You can add to this recent figures that show the Church of England being in steep decline. According to the latest data from the British Social Attitudes survey, released last month, the proportion of the population identifying as C of E has fallen to a record low of just 14%. Among adults under the age of 24 it is an alarmingly low 2%. In contrast a majority of the British population say they have no religion. According to David Voas, professor of social science at University College London and co-director of British Religion in Numbers, there are many ways of defining religious affiliation. “But, very clearly, we’re at a point where, under any definition, a minority of the population – in practice, single figures – is Anglican. There can no longer be a majoritarian argument for an established church.” We shall see if this is the beginning of the end for the happy union between Protestant church and English state.

Whilst I get where people like Maher are coming from on the decline of religion, the numbers worldwide just do not support such views. In a recent newspaper article Neil MacGregor, author of the brilliant new book Living With The Gods: On Beliefs And Peoples, made the following observation:

Fifty years ago, religion was on the retreat as science advanced. Now it is centre stage of global politics…Belief is back. Around the world, religion is once again politically centre stage. It is a development that seems to surprise and bewilder, indeed often to anger, the agnostic, prosperous west. – Neil MacGregor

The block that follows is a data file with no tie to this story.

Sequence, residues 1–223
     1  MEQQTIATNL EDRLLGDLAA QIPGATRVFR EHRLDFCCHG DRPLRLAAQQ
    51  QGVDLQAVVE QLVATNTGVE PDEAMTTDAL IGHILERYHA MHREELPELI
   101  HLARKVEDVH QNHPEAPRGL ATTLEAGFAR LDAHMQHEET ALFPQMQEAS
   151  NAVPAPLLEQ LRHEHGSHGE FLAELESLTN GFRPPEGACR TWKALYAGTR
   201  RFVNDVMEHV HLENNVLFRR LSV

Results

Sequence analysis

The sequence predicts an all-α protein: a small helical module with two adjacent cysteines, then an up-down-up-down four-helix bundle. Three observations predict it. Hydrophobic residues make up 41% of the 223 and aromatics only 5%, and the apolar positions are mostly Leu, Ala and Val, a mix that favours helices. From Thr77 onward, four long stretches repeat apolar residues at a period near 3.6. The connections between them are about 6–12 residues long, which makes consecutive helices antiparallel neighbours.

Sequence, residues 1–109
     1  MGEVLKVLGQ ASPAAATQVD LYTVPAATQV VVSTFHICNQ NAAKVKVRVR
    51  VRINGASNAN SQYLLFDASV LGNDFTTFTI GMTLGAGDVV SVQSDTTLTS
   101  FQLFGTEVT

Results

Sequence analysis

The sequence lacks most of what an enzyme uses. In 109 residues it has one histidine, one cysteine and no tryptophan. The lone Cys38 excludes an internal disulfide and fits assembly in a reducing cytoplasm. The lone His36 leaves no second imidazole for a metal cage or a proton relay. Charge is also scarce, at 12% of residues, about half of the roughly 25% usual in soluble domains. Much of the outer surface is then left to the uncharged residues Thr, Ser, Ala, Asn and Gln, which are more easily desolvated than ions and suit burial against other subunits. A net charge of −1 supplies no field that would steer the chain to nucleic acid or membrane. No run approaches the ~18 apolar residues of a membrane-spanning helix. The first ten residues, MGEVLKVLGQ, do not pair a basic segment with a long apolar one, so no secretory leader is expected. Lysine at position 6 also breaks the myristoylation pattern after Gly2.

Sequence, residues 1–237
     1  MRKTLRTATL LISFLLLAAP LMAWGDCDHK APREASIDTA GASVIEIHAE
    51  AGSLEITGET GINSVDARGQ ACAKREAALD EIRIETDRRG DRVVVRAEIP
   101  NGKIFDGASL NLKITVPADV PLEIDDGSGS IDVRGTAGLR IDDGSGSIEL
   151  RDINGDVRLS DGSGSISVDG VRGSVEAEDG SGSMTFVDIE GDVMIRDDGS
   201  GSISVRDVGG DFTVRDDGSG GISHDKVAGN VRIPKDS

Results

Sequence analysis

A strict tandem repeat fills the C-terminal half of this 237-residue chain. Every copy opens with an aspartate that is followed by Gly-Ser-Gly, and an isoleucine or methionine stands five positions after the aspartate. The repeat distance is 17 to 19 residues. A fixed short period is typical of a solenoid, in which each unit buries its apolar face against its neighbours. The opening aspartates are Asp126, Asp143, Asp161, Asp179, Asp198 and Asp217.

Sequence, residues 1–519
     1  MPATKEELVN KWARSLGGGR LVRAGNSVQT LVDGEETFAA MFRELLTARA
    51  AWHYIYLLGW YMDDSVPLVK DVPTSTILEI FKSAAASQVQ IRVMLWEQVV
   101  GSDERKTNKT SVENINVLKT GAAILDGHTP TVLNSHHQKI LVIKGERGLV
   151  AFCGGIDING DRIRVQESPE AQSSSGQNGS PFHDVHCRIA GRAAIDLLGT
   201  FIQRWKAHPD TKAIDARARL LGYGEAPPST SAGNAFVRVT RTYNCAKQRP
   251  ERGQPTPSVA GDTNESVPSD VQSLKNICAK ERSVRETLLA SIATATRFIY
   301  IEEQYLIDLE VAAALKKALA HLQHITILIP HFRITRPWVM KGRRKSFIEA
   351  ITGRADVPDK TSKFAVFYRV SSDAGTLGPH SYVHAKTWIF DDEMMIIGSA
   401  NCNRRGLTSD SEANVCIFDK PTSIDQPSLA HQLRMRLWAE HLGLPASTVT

Journalist Caroline Moorehead, in reviewing MacGregor’s book, made a similar point about how religion and religious practice seems to be increasing across the globe:

Far from shrinking away, organised religion appears to be spreading. In Japan, one of the most secular countries in the world, young pregnant women are once again choosing to wear specially propitious sashes and taking offerings to the temples, in the name of children they have lost or aborted. In India, the numbers of Hindu pilgrims attending the Kumbh Mela festival to celebrate the virtues of detachment and compassion have now reached 100 million, making it the largest religious event in the world. Faith is providing cohesion and reassurance. – Caroline Moorehead

As though further proof were needed, please find below selected quotes from a very interesting article that has various facts and figures to counteract the views of naysayers like Maher, and instead back up the views of yaysayers like MacGregor and Moorehead. Enjoy!

Religion Guardian

Religion: Why Faith Is Becoming More And More Popular

Harriet Sherwood, 27 Aug 2018, theguardian.com

If you think religion belongs to the past and we live in a new age of reason, you need to check out the facts: 84% of the world’s population identifies with a religious group. Members of this demographic are generally younger and produce more children than those who have no religious affiliation, so the world is getting more religious, not less – although there are significant geographical variations. According to 2015 figures, Christians form the biggest religious group by some margin, with 2.3 billion adherents or 31.2% of the total world population of 7.3 billion. Next come Muslims (1.8 billion, or 24.1%), Hindus (1.1 billion, or 15.1%) and Buddhists (500 million, or 6.9%).

Which religions are growing, and where?